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As the season changes, our Caladiums have grown a little droopy and woebegone.

Tropical, heat loving Caladiums don’t care much for cold winds and autumn’s chill at night.  It is time to rescue them from their pots, and help them grow dormant for the coming winter.

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Caladium ‘White Delight’ still looked pretty good on October 3.   I rescued this one on Friday, and its tuber is in the garage preparing for winter storage.

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Many gardeners treat their Caladiums like annuals, letting them freeze alongside the petunias and impatiens.    There is no harm in that, so long as you have deep pockets to buy all the Caladiums you want come spring.  But if you are a thrifty gardener, or have just grown attached to your Caladiums and would like to enjoy them for another year, saving them takes very little effort.

As Caladiums prepare to go dormant, their leaves first droop, and then just sort of fade away.  I was disappointed to discover that process well underway with some of my potted Caladiums, making it nearly impossible to find their buried tubers without vigorous digging through the entire pot.

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I’ll bring this basket of Begonia, tender lady fern and Caladium into the garage before our first freeze.

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If you have Caladiums planted alongside ferns or other plants you want to save, that vigorous digging might not be possible without doing a lot of damage.  In that case, you can simply bring the pot indoors for the winter, with the Caladium tubers left in the soil.  Water sparingly, and try to keep the pot at 50F or above and the Caladiums will survive and begin sending out new leaves next spring.

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These Caladium tubers can be dug up for storage. I’ll fill their space in this basket with some Violas.

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My brilliant gardening friend has even overwintered her Caladiums (accidentally she says) under several inches of fallen leaves left on their bed as mulch.  Some of the newer varieties have been bred to be more cold tolerant, and how do you argue with success?

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A flat filled with Caladiums I have already rescued for storage

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The most reliable way to save your favorite Caladium tubers for next season is to simply dig them, dry them, and store them indoors.   Dig several inches to the side of where the remaining leaves emerge from the soil, and work your way around to loosen the tuber.

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Most Caladiums have extensive roots by now, and you will need to work gently to avoid cutting or breaking the tubers, which may have grown much larger than what you planted last spring.   Sometimes, the tubers calve over summer, and you may be digging up a clump of little tubers growing together.

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Once you lift the Caladium and shake off as much dirt as possible, simply lay the whole plant, leaves and roots and all, into a flat or box where it can dry in a sheltered place.  Remember to gently dig or comb through the soil with your fingers in search of any little stray bits of  tuber. Even bits as small as a dime may be saved, and will grow next spring.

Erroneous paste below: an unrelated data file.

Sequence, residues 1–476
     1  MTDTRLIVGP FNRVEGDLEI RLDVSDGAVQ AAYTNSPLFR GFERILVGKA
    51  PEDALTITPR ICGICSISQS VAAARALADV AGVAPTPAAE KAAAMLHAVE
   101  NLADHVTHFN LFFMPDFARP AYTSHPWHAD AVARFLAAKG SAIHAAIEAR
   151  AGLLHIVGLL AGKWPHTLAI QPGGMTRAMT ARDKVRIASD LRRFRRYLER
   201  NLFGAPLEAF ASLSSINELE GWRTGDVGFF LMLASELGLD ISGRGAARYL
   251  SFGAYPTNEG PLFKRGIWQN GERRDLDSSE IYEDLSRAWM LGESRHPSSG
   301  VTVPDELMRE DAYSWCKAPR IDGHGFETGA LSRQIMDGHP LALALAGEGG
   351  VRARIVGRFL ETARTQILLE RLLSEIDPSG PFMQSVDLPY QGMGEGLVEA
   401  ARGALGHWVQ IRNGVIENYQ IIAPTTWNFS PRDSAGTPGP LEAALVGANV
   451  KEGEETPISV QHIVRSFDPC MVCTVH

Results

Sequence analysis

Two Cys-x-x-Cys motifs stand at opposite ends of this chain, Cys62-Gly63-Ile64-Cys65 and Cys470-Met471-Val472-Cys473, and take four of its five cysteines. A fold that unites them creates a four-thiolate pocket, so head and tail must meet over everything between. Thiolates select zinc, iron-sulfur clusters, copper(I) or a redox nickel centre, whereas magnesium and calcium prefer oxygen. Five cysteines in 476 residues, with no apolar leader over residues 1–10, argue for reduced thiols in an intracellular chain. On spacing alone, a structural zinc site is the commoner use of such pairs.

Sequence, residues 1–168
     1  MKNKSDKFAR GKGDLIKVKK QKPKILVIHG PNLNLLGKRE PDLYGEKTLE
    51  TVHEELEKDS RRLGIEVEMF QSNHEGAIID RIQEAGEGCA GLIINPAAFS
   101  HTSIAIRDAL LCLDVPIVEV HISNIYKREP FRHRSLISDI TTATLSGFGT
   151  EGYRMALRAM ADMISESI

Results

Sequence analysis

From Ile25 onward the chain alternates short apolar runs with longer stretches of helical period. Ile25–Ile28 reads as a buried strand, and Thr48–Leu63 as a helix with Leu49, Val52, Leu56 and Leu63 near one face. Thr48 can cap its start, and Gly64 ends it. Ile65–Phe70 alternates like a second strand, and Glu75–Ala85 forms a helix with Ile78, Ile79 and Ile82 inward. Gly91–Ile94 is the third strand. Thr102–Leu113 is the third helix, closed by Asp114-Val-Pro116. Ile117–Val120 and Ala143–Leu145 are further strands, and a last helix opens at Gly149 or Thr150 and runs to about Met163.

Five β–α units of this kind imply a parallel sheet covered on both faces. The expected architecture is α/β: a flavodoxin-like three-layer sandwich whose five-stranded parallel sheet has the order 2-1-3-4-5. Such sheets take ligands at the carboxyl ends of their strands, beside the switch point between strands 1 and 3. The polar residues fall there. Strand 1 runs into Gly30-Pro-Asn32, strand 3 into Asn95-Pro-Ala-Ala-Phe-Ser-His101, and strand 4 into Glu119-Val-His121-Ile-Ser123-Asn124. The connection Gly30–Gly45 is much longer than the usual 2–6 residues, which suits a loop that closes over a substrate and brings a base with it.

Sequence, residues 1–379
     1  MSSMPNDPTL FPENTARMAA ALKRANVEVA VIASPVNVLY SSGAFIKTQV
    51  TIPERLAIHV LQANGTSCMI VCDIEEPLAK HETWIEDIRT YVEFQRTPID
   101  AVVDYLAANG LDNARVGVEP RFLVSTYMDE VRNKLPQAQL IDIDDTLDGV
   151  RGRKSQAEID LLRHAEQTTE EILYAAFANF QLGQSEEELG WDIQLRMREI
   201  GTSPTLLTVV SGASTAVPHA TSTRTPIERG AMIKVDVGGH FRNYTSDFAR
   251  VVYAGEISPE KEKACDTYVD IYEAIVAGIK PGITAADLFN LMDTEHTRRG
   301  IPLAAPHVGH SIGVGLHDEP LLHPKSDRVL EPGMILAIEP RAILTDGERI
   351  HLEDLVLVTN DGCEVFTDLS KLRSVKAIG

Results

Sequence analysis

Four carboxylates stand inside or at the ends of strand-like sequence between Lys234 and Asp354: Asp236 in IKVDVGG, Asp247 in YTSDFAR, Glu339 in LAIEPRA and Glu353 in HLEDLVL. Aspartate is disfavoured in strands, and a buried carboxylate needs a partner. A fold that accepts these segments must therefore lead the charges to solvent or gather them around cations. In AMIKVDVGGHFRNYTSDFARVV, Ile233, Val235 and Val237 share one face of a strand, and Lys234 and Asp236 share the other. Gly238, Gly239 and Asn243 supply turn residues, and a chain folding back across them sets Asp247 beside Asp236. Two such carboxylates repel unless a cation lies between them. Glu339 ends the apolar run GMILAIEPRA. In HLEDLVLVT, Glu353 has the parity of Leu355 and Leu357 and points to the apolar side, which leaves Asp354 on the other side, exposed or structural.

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I’ve been planting a tuber of Arum itallicum in many of the spots where I’m lifting Caladiums this month.   The evergreen Arum will look great growing over winter, keeping pots and beds green through the cold season.  Pair Arum with spring flowering bulbs, Violas, Heucheras, Hellebores, hardy ferns, ivy, snapdragons, Saxifraga, or even just with a mulch of living moss  to fill pots or beds with winter interest.

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These Arum italicum, already a few years old, are emerging now for the cold months ahead.  They are similar enough to Caladiums to make a good winter substitute, and grow near where I lifted some Caladiums from the bed last week.

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Once you’ve dug all of your Caladiums, spread the plants out in a single layer in an empty flat or box, in a protected shady area where they may dry over the next few weeks.  During this time the leaves and roots will wither, the remaining soil around the root will dry, and any nicks to the tubers from digging should heal.  I allow ours to dry in our garage where they are out of the weather, and protected from freezing as nights grow colder.

After several weeks, you should be able to shake away any remaining soil and easily pull of the withered stems and roots.  Any damaged tubers may be dusted or dipped into a fungicide for extra protection.  Otherwise, simply pack them loosely into mesh bags with some wood shavings, rice hulls, sawdust, or dry peat moss.

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We can begin to move newly sprouted Caladiums outside by late May.

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I normally save the rice hulls my Caladiums arrive in from the grower each spring, and reuse them for storage over winter.  Individual bags of Caladiums may be kept together in a larger box or paper grocery bag until time to plant next spring.  Store them in a closet or other out of the way spot in a heated room.

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Caladium tubers, ready for spring planting